Flamingos, hydrangeas, leaves and eggs

Did you know that when flamingos are born, they are grey and their feathers are naturally white? Then… why do they display that pinkish colour? And hydrangeas, why do they show different colours? What do flamingos and hydrangeas have in common? And about the leaves of a tree…why do they change colour during the year? Did you know that eggshells present fluorescence? And finally, what do all these questions have in common?

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Mirror, mirror on the wall

–  Who’s the fairest of them all? –  But what if the mirror had not been as clean and bright as it should have been? Neither the Queen nor Snow White could have asked the magic mirror that famous and memorable question. Mirrors have played an important role in films, not only in ‘Snow White and the seven Dwarfs’, but also in some older such as ‘Taxi Driver‘ or ‘The Shining‘ and some recent such as ‘Harry Potter and the Philosopher’s Stone’ or ‘Black Swan’. Even Justin Timberlake dedicated a song to mirrors! What would we do without mirrors? We could not even know how we are or look like (or how we dress)!

But what happens when a mirror gets old? Why do mirrors grow old? Let’s find it out!

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Red, blue, green and purple: the colours of…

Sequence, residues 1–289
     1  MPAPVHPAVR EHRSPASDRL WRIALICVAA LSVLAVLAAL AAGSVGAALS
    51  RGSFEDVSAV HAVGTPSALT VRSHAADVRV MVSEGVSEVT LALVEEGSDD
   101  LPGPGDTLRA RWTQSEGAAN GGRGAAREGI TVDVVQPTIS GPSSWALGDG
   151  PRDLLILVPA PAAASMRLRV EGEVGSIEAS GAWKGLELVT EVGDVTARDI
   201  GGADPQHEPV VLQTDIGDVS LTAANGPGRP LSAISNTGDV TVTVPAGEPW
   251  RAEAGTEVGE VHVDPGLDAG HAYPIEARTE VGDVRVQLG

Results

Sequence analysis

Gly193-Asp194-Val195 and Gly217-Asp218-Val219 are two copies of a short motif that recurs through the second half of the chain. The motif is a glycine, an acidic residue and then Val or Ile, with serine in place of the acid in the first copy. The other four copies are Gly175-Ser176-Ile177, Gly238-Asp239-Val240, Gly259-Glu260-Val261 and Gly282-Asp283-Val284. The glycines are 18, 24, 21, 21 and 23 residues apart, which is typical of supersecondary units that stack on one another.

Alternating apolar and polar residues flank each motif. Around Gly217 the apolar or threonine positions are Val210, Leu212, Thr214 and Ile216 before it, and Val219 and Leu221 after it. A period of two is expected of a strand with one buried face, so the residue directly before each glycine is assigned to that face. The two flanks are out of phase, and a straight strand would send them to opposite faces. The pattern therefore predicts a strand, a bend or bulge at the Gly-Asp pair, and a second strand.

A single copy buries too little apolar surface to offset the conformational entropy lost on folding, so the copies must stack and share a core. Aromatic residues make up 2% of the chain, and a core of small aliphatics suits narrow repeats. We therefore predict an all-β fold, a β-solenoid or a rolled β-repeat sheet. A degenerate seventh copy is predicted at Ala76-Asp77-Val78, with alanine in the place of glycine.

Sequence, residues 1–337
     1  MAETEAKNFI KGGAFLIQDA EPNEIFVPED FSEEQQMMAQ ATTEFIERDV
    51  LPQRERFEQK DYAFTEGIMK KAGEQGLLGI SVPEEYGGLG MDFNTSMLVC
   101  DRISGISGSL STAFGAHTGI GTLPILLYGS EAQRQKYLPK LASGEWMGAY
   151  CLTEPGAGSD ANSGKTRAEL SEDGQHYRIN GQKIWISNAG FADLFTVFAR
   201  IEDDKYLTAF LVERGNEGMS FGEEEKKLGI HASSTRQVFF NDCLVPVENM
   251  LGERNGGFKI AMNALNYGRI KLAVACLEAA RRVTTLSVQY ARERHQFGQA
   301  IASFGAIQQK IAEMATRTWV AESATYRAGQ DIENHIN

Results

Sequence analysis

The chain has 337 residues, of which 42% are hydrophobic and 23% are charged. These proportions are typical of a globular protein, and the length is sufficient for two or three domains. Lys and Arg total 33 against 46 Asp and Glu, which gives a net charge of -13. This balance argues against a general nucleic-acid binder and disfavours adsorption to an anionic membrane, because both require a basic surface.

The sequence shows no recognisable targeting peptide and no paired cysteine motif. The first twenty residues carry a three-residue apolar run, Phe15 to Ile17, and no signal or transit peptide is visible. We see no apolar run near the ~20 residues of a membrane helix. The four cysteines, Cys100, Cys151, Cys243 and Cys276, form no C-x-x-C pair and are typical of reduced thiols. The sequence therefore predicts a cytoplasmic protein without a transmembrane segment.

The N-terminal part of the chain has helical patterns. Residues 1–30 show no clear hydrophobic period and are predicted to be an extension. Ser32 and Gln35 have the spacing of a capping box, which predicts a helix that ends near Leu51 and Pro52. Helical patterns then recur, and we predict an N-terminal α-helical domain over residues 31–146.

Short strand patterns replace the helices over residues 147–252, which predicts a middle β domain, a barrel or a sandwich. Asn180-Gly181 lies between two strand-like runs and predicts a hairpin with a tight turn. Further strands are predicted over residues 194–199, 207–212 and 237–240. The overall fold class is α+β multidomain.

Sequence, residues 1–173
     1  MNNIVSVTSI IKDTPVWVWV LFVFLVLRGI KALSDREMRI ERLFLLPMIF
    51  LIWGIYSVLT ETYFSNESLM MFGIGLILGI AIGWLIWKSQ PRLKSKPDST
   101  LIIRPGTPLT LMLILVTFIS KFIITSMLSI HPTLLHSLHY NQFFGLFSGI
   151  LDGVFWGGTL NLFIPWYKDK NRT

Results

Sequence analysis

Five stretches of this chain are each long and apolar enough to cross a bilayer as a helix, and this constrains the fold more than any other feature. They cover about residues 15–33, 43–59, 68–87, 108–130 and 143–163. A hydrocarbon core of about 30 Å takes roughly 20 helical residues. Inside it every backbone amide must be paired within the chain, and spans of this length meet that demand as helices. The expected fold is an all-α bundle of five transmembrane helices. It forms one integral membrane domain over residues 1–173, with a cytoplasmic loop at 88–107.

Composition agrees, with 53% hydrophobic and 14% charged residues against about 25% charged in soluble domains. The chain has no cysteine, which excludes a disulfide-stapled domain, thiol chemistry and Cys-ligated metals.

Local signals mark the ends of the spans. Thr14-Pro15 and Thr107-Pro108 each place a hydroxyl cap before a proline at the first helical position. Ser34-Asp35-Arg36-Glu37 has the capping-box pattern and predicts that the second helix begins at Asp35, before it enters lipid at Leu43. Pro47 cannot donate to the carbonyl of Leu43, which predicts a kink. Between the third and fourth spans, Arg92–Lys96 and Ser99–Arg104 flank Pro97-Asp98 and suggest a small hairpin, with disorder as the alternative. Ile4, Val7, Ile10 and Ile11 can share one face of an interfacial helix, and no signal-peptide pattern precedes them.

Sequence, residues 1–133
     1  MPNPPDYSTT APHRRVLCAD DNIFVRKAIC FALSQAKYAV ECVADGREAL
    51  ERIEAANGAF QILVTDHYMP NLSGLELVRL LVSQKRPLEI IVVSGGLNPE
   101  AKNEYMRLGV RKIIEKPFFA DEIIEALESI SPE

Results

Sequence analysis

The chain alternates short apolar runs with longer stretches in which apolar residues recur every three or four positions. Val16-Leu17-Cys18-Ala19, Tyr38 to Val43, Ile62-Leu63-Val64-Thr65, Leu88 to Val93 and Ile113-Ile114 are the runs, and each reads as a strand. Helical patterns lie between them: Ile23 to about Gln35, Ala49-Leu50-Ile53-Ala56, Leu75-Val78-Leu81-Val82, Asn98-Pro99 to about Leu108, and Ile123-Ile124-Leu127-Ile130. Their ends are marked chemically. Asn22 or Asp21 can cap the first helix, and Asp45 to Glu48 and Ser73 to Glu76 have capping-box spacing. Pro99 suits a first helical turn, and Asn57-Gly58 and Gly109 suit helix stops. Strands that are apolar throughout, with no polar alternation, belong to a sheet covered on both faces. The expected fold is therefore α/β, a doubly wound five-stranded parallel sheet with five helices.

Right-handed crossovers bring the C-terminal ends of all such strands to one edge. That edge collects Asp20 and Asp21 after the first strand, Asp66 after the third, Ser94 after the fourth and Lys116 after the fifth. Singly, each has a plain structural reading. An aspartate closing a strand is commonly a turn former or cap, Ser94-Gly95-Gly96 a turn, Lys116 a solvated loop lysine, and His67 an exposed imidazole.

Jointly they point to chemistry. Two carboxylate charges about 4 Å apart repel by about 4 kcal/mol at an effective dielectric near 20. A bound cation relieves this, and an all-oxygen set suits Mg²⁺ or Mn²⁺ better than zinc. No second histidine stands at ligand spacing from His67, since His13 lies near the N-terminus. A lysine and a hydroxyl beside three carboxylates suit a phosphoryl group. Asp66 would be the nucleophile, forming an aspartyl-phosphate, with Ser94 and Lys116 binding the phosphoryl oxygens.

The colours of…Christmas? After some long (long) time, I’m finally coming back with a (maybe) common topic, but it is worth to talk about.

But while you are reading, you will be wondering what the subject is, probably (if you haven’t done it yet) you will have (had) a quick look below to check a picture or some clues about that. Please, don’t do it. Let’s keep it a mystery. Could you guess the topic of the post? What are these colours referring to? Pigments, nature, planets… I’m afraid any of them, but not that far away. Here it is a clue: it is something related to animals. The colour of the eyes, tongue?  What if I tell you that these colours belong to the colour of the blood of different animals? You all know that human blood is red, despite the belief of princes and princesses to have blue blood (let’s see this later). What about the rest? Let’s keep reading.